"All of these are places where people have limited to no choice about being there,” Brooks said. “These are places where social distancing is very difficult to achieve.”
Gov. Greg Abbott's plan to re-open the Texas economy lays out specific steps for slowing the spread in these places.
Those include increased testing, isolating individuals with the virus and limiting staff from traveling between different facilities.
6th Texas Execution Delayed; Attorneys Cite Pandemic
The state criminal appeals court has delayed a sixth execution in Texas.
Edward Lee Busby was scheduled to receive a lethal injection May 6th. That's now on hold for 60 days.
The appeals court order didn't give a reason, but Busby’s attorneys argued for delaying the execution because of the dangers from the pandemic.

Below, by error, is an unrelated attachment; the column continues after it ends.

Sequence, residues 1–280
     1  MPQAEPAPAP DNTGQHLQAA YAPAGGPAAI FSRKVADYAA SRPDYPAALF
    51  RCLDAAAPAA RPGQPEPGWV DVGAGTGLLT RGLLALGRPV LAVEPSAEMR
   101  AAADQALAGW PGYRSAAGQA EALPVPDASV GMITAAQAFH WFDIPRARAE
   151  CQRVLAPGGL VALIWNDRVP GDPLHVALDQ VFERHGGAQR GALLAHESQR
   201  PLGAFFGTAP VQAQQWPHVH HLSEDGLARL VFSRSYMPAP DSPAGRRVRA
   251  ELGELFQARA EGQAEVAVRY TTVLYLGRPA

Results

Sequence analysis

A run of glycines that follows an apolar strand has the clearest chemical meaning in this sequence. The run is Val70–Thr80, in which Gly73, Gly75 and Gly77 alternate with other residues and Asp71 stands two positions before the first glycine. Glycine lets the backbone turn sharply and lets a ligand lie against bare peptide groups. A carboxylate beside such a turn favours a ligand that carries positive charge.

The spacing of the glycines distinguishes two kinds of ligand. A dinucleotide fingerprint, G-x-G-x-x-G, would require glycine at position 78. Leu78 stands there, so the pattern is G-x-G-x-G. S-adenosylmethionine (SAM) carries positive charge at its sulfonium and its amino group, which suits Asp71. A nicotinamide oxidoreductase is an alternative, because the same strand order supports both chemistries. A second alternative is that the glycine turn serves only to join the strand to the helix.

Busby went to death row for the killing of a retired 77-year-old college professor abducted in Fort Worth.
Most Dallas Movie Theaters Staying Closed — For Now
Many large movie theater chains are saying they won't reopen on Friday, despite Gov. Greg Abbott’s plan allowing movie theaters and other businesses to reopen with limited occupancy.
The Dallas Morning News reports Cinemark, Studio Movie Grill and Alamo Drafthouse locations will remain closed until further notice.
The theater chains are citing health concerns for both customers and staff.
AMC and Cinemark theaters say they're preparing for a midsummer opening.
Read the full story from The Dallas Morning News.
Dallas County Ties Deadliest Day; County Judge Responds To Reopening Plan
Dallas County tied its deadliest day yet in the coronavirus crisis: 10 people died, including a 17-year old girl from Lancaster.